Think of their best stories and attributes. Start with a favorite story or memory, and connect that to one of the person’s defining characteristics. Or, alternatively, do the reverse: think of their most important attributes and then think of memories or quotes which illustrate the attributes you want to highlight. This simple process will give you at least half of your material; from there, just find a good eulogy outline and begin filling it in.
Consider a theme. Use a central story, phrase, or quote as a motif. Remember, there’s no way you can fully sum up a person’s life in a short funeral speech. Highlight their best characteristics by using a story or phrase that captures several aspects of their life and personality.
Don’t get bogged down in details. Of course, you’ll want to briefly summarize the person’s family, accomplishments, and legacy. But avoid making the entire eulogy a list of people, places, and events. Focus on their personality and how they affected the lives of others.
Less is more. You’ll be surprised at how much you end up wanting to say. Remove unnecessary details and keep it to 1-2 short stories.
Write it out. Unless you’re an experience public speaker, don’t rely on notes or a bare outline. Write out each word you want to say.
Practice. Print out a completed copy of your speech before the funeral. Use a large and readable font with double spacing. Practice reading it aloud to make sure the sentences flow. Do this in front of a mirror or a family member, and time yourself from start to finish.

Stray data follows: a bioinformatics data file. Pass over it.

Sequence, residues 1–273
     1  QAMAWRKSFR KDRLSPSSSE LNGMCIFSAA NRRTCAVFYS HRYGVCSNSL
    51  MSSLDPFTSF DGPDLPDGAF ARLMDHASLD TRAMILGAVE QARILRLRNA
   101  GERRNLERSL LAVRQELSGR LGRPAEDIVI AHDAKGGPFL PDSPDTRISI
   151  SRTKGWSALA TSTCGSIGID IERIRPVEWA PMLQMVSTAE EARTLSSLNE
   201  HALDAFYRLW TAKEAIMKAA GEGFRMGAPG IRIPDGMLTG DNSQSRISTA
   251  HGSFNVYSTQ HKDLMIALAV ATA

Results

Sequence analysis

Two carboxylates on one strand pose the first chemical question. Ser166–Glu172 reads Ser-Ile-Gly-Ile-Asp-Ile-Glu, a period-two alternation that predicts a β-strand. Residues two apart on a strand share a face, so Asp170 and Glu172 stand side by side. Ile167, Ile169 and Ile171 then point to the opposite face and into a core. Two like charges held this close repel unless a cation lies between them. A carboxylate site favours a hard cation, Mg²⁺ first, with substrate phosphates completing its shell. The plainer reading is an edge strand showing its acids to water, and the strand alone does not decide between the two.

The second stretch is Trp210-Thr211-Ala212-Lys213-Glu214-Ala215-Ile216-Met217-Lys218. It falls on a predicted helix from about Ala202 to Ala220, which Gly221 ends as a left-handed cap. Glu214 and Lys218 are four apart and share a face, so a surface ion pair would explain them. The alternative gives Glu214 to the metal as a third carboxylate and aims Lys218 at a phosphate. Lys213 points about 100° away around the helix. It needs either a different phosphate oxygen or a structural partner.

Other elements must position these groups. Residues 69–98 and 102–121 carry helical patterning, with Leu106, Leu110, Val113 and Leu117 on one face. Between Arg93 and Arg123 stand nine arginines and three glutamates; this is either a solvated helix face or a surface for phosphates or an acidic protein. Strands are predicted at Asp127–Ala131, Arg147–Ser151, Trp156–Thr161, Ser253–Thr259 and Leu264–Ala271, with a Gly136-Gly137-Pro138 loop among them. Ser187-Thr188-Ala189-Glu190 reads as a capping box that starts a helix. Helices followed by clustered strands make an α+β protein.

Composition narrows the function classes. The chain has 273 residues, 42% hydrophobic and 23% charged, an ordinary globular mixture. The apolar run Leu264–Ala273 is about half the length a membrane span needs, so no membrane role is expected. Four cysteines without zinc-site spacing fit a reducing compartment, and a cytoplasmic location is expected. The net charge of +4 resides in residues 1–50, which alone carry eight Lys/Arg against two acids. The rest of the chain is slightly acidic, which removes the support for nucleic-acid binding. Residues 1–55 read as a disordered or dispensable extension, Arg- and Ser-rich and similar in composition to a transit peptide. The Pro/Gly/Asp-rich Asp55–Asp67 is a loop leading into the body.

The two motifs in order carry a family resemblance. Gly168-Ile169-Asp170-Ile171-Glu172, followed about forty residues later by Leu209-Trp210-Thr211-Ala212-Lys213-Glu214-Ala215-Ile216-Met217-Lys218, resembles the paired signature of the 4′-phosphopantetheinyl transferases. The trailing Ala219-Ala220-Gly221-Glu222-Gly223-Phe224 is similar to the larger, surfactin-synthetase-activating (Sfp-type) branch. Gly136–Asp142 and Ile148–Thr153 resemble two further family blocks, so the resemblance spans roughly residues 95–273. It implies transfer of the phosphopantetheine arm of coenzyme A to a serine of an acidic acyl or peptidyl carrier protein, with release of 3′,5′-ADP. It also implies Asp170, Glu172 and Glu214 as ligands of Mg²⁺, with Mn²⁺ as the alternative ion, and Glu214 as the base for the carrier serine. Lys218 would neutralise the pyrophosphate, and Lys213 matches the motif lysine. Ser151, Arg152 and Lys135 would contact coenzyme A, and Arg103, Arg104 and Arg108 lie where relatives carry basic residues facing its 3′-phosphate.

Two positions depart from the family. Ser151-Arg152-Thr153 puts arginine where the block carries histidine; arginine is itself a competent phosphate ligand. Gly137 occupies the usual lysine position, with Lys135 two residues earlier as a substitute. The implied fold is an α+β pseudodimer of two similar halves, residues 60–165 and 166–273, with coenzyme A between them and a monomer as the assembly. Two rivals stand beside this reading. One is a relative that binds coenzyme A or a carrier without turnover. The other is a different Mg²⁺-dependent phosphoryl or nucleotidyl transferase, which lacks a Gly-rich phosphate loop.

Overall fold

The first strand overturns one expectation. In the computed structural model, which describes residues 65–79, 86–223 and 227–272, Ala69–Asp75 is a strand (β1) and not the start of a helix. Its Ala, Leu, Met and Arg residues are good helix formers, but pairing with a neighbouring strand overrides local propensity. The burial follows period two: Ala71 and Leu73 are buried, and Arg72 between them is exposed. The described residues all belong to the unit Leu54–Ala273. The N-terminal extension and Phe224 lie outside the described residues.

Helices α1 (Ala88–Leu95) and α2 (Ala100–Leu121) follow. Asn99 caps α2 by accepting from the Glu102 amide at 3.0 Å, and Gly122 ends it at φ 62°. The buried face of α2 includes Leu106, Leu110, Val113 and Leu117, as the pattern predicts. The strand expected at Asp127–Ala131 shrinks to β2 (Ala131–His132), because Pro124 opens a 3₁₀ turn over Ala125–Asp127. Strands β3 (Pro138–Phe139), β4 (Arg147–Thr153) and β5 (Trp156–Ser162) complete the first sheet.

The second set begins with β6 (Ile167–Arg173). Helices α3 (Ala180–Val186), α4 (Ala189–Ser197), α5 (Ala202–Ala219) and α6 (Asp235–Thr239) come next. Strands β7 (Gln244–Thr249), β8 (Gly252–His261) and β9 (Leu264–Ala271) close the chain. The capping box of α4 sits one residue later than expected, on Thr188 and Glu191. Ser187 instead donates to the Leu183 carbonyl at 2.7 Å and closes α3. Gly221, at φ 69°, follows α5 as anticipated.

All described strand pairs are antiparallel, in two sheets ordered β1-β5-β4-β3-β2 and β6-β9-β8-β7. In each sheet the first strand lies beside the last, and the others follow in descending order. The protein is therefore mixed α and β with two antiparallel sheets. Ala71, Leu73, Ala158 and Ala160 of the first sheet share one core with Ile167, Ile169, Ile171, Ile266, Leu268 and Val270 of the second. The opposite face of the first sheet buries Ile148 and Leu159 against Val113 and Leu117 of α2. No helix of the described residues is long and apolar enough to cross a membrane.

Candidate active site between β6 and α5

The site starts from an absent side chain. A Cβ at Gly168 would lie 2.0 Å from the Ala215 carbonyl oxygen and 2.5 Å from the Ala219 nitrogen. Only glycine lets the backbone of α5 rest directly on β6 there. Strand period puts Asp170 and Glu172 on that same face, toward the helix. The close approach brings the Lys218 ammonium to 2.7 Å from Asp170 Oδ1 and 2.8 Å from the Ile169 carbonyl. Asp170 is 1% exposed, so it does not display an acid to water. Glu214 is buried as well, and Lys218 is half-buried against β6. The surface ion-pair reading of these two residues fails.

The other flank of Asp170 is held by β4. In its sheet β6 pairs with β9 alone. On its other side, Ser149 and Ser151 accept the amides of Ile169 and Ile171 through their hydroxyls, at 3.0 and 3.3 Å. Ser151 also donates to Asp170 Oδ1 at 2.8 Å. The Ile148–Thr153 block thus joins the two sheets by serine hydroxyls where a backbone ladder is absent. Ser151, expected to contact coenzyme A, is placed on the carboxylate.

Slow down and speak clearly. You’ll be tempted to read the speech quickly. Practice speaking in a slow and clear voice, and be sure to enunciate your words properly. Right before it’s time to stand up and deliver your eulogy, take a few deep breaths. You’ve got this.
There is no set outline or traditional template for a eulogy. But as with all writing and public speaking, it is good to have an attention-grabbing opening, a solid middle section in three parts, and some concluding remarks.
This is the traditional three-point outline you learned in school, and it will serve you well in writing a eulogy.
- A good introduction can include a funny or engaging story, a meaningful quote, or something that illustrates their personality
- Use the introduction to establish a motif (a theme that you can come back to throughout the eulogy)
- Mention your relationship to the deceased and thank everyone for coming on behalf of the family
- Aim for one to two minutes
Part One: Life Details
- Keep this section brief; one minute at most